For Nurses, Innovation is Survival

For Nurses, Innovation is Survival

Alumni Forums Focus on the Future

As the largest component of the healthcare workforce, nurses are increasingly called upon to coordinate and fill gaps in the care of patients while supplying crucial leadership in how that care is administered. And as their role expands, today’s nurses must graduate not only with the skills demanded by current technology but also the capacity for life-long learning, the ability to adapt and implement innovations yet to come.

This challenge was the focus of “Leading Innovation in Healthcare and Nursing Education,” a series of Florida meetings held by the deans, key alumni, and current students of three of the nation’s leading academic nursing research universities—Johns Hopkins University, Duke University, and the University of Alabama at Birmingham.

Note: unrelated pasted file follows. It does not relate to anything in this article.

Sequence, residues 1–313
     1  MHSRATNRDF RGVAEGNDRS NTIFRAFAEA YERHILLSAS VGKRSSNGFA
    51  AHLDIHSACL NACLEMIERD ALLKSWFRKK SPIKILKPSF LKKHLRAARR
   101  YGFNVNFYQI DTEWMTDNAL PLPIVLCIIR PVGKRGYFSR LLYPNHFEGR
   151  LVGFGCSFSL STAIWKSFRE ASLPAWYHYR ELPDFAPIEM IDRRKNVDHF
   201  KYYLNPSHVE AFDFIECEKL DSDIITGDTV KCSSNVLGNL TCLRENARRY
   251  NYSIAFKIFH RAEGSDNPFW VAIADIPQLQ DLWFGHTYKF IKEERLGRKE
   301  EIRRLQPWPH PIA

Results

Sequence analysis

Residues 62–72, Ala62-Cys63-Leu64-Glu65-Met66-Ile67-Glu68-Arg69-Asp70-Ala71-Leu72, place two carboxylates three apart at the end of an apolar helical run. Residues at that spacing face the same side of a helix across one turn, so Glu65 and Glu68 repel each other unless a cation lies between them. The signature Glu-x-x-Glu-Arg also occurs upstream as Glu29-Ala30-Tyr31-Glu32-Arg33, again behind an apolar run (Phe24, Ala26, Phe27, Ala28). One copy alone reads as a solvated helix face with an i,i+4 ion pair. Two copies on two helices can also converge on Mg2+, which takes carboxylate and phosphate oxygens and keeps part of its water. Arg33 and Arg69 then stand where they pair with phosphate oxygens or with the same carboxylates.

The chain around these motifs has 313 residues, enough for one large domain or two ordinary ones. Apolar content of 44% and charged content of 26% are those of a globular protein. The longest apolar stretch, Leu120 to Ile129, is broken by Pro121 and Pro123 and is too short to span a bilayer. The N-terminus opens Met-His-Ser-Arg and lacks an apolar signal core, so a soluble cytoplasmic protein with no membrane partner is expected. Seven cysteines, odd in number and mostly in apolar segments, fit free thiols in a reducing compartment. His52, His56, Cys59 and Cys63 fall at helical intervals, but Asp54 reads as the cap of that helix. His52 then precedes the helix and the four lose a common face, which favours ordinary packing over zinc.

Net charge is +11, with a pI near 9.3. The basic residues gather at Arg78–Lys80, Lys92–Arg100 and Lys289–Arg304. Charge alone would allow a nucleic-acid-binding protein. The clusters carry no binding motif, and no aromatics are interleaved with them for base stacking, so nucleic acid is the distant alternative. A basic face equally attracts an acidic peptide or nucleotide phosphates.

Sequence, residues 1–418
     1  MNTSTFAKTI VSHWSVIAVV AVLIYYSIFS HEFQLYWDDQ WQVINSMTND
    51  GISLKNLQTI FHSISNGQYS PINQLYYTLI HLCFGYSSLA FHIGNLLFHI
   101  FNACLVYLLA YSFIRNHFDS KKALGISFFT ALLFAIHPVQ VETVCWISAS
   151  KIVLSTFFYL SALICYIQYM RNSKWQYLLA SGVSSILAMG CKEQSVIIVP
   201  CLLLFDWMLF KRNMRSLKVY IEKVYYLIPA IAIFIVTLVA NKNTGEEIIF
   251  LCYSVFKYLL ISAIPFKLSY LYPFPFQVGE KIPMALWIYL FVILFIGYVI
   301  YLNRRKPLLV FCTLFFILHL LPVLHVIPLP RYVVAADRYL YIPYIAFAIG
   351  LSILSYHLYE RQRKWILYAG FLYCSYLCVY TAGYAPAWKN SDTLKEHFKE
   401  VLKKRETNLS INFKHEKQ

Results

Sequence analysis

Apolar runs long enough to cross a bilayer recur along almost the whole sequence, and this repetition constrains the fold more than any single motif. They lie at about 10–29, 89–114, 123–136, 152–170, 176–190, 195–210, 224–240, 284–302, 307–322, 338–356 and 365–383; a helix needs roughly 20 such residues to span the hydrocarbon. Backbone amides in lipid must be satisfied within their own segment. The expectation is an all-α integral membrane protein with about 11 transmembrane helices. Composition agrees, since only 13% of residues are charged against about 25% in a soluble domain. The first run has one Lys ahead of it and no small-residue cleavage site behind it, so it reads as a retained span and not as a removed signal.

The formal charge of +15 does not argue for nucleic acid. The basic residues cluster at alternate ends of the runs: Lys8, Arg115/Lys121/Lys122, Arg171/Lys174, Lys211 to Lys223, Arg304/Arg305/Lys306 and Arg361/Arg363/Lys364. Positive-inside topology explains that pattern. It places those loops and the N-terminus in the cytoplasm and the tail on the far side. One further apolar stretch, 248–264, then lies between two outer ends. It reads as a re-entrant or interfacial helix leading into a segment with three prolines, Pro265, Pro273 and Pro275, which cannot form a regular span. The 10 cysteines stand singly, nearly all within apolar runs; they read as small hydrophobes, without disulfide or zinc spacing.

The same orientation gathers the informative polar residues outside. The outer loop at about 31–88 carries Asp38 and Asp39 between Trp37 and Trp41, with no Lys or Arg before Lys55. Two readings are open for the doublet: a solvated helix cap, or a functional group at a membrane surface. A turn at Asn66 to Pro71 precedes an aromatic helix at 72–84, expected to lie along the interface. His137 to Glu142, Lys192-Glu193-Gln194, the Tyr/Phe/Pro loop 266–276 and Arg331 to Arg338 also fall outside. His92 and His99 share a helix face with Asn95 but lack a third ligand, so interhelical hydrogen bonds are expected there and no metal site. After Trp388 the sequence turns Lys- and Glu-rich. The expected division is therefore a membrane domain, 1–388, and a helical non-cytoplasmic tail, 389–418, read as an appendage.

The January meetings in Jacksonville, Tampa, and Naples were forums to explore advances in nursing education, research, and practice in a post-reform healthcare era.  For three years, the schools have partnered to share best practices developed by each nursing program.

“Innovation is no longer just a grand idea. For nurses, it is survival,” said Martha N. Hill, PhD, RN, FAAN, dean of the Johns Hopkins University School of Nursing. “Working together, our alumni can be the eyes of experience in the field, and our students can provide a glimpse at the future. What we must do as educators is listen and learn as well as teach, to use that combination of wisdom and youthful energy to build a collective vision that looks always for what’s best and what’s next.”

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